04 Feb Which cycle days are you springing out of bed?
Notice that on some mornings, it’s easier to get your motor running and be rarin’ to go than on other days?
That’s the work of the cortisol awakening response–a naturally-occurring spike in the stress hormone cortisol about 20 to 30 minutes after you wake up that helps get your brain and body energized and prepared for the day ahead.
Research shows that certain factors affect how much this energizing hormone surges in the morning, for instance, it’s greater when you wake up earlier rather later (1), you sleep through a night when there’s total quiet (2), you don’t take aspirin before turning in (3) and it’s a workday as opposed to a day off (4).
But, those aren’t the only factors impacting this get-up-and-go hormone.
How hormones help you wake up
According to a 2011 study in the journal Psychoneuroendocrinology, you’re also likely to experience a bigger surge in morning cortisol during your ovulation phase, which spans the last two days of Week 2 of your cycle and the first day of Week 3 (Days 13, 14 and 15 in a 28-day cycle).(5)
Credit goes to high estrogen on these days, which prompts a higher production of pep-boosting a.m. cortisol.
How can you use this hormone know-how?
If you’ve got an important activity to plan that occurs early in the day and requires a lot of mental or physical energy (like a breakfast meeting or moving) and you have the ability to schedule it around your cycle, consider having it fall on one of these days in your ovulation phase since you’ll naturally have more oomph right from the start.
And if you can’t schedule it to fall during ovulation, then keep in mind the other factors mentioned above that affect morning cortisol levels to ensure you wake up brimming with energy all cycle long.
Tip: Need help getting up in the morning?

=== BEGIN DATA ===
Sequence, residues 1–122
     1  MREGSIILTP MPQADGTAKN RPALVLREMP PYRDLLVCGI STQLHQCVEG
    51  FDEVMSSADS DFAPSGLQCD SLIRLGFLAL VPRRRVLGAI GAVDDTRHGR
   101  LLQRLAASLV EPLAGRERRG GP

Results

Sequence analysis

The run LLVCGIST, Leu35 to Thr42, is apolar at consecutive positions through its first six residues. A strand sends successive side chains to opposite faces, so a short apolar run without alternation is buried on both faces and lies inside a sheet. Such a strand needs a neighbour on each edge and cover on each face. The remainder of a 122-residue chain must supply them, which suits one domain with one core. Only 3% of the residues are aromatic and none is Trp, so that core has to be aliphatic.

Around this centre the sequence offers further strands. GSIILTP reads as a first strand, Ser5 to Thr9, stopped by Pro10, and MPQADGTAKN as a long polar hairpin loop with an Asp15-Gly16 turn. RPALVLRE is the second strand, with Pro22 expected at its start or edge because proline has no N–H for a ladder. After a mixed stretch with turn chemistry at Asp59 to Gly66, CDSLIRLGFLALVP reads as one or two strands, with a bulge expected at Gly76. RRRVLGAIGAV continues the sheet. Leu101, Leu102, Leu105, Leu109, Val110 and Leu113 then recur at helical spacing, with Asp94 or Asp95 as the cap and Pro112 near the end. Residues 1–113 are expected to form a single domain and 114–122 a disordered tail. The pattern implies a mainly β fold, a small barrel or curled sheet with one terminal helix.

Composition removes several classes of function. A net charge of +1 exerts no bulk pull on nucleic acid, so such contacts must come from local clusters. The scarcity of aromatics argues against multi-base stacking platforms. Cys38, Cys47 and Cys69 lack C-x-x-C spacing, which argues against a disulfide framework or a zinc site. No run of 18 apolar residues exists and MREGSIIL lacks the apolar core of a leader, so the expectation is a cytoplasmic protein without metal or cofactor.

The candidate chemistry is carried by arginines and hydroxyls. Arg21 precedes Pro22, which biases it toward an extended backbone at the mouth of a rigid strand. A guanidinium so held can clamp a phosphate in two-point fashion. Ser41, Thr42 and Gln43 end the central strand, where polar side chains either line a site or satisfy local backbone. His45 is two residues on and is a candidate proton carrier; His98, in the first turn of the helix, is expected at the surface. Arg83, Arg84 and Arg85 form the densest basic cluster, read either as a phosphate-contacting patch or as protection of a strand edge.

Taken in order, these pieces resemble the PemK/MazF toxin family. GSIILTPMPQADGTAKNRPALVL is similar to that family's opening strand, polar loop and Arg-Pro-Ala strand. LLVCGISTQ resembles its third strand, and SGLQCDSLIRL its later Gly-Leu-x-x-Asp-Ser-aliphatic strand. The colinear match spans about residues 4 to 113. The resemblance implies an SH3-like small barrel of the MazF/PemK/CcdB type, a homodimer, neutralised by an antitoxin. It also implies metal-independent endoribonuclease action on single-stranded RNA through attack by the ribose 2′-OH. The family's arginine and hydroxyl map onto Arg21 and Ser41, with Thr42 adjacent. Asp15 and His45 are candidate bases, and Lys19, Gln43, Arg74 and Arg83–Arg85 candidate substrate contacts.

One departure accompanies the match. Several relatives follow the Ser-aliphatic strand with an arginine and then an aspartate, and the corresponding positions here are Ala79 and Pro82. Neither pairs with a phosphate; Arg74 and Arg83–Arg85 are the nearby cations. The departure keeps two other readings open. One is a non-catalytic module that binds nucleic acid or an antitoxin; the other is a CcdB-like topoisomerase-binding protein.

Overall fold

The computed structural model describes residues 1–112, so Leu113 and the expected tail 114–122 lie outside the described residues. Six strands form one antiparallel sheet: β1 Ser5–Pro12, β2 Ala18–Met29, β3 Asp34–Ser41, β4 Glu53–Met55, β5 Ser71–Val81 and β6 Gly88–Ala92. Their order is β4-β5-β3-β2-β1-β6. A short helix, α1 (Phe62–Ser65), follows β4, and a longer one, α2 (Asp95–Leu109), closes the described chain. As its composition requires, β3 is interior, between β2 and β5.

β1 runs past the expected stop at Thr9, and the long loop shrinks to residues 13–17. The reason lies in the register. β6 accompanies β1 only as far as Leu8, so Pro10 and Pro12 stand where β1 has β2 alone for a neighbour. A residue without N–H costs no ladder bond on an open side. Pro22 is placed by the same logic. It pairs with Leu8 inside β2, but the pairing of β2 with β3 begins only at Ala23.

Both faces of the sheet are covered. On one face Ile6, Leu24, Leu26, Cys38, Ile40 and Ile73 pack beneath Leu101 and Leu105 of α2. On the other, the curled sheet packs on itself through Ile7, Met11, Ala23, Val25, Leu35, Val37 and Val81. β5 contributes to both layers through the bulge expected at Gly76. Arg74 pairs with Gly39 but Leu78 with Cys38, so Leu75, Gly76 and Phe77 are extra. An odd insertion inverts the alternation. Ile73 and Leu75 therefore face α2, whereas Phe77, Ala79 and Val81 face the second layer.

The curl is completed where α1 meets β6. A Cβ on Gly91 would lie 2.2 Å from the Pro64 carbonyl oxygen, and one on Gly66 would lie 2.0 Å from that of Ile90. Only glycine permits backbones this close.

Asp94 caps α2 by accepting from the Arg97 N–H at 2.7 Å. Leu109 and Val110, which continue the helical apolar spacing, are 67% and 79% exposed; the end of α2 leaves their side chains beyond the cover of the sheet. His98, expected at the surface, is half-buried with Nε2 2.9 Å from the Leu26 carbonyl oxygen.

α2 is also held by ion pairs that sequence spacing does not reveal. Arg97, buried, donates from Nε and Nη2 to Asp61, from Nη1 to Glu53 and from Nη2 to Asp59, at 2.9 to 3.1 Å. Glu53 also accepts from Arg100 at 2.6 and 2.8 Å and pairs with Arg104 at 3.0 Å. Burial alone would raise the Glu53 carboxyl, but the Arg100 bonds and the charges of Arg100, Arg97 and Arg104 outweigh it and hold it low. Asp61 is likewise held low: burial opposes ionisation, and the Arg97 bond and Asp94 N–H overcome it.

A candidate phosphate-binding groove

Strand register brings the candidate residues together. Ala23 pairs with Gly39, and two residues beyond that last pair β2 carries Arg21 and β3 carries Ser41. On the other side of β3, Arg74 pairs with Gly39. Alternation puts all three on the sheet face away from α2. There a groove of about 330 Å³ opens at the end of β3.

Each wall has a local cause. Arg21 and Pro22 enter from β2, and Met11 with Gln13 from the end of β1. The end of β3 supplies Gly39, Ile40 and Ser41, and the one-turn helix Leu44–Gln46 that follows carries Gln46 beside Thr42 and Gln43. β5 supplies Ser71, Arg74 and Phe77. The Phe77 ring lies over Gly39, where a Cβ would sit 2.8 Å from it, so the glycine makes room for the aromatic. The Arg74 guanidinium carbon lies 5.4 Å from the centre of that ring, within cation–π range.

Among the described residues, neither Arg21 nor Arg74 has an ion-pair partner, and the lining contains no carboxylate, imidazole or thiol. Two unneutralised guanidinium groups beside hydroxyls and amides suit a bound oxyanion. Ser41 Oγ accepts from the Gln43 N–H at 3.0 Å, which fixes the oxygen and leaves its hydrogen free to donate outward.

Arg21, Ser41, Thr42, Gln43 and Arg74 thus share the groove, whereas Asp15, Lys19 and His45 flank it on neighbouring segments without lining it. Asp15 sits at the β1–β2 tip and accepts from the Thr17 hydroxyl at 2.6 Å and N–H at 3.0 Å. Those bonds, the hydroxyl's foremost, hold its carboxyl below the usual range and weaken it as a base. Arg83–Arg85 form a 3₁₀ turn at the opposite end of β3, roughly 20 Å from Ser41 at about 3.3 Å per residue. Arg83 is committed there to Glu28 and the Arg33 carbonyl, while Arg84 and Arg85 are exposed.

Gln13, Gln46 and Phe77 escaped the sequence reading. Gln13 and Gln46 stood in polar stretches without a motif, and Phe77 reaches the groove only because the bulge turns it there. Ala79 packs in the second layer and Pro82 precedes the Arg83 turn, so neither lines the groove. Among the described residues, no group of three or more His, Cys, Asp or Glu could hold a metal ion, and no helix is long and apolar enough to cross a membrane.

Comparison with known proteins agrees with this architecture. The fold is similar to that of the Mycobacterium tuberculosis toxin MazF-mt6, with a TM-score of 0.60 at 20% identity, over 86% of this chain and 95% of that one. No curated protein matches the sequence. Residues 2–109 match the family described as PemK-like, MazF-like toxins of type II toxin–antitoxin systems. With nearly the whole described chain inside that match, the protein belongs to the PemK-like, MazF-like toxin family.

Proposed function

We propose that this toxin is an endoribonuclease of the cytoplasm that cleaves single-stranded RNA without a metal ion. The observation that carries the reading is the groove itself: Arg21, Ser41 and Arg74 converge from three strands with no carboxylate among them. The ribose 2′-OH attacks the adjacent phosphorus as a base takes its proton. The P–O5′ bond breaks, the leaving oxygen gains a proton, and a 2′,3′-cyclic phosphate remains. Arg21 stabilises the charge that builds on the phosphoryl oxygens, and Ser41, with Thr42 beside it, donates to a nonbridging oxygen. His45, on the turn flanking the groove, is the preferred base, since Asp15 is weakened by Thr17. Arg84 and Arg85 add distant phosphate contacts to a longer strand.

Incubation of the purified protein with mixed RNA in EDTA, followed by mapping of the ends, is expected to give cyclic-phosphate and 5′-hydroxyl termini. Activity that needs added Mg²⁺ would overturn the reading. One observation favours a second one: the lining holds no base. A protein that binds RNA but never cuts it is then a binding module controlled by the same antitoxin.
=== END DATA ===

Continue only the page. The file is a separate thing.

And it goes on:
Usually feel groggy when you usually wake up or need to spring out of bed earlier than usual (for example, to catch a plane) and need help being alert? Instead of using an alarm with a harsh beep tone to rouse you, set an alarm that plays music you enjoy. In a 2020 study from Australia’s RMIT University, researchers found that being awoken to music made participants more energized and alert than a buzzer.(6)
“We think that a harsh ‘beep beep beep’ might work to disrupt or confuse our brain activity when waking, while a more melodic sound like the Beach Boys ‘Good Vibrations’ or The Cure’s ‘Close to Me’ may help us transition to a waking state in a more effective way,” explains study co-author Adrian Dyer. Ph.D.
Never miss a single Hormonology tip:
Click here to subscribe to the free Hormonology newsletter today!
(1)Bridgette Martina Kudielka, Clemens Kirschbaum, “Awakening cortisol responses are influenced by health status and awakening time but not by menstrual cycle phase,” Psychoneuroendocrinology, 28 (2003): 35-47
(2) Kerstin Persson Waye, et al., “Effects of nighttime low frequency noise on the cortisol response to awakening and subjective sleep quality,” Life Sciences, 72 (2003): 863-875
(3) Stuart Watson, et al., “Effect of aspirin on hypothalamic-pituitary-adrenal function and on neuropsychological performance in healthy adults: a pilot study,” Pschyopharmacology, 205 (2009): 151-155
(4) Lisa Thorn, et al., “Suspected non-adherence and weekend versus week day differences in the awakening cortisol response,” Psychoneuroendocrinology, 31 (2006): 1009-1018
(5) Maren Wolfram, Silja Bellingrath, Brigitte M.Kudielk, “The cortisol awakening response (CAR) across the female menstrual cycle,” Psychoneuroendocrinology, 36 (2011): 905-912
(6) Stuart J. McFarlane, et al., “Alarm tones, music and their elements: Analysis of reported waking sounds to counteract sleep inertia,” PLOS ONE, January 28, 2020